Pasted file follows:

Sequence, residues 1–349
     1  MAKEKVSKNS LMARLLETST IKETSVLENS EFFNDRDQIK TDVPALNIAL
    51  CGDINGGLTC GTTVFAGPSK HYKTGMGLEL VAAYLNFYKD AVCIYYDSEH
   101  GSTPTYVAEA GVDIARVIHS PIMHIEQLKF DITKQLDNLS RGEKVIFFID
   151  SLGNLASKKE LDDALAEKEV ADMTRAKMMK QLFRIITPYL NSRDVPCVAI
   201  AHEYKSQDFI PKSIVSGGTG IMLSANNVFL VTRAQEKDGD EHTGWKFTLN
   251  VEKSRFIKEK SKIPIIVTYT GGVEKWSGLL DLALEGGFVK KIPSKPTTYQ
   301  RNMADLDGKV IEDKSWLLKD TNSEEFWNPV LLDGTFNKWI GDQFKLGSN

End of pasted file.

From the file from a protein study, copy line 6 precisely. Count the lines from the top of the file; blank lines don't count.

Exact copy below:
   201  AHEYKSQDFI PKSIVSGGTG IMLSANNVFL VTRAQEKDGD EHTGWKFTLN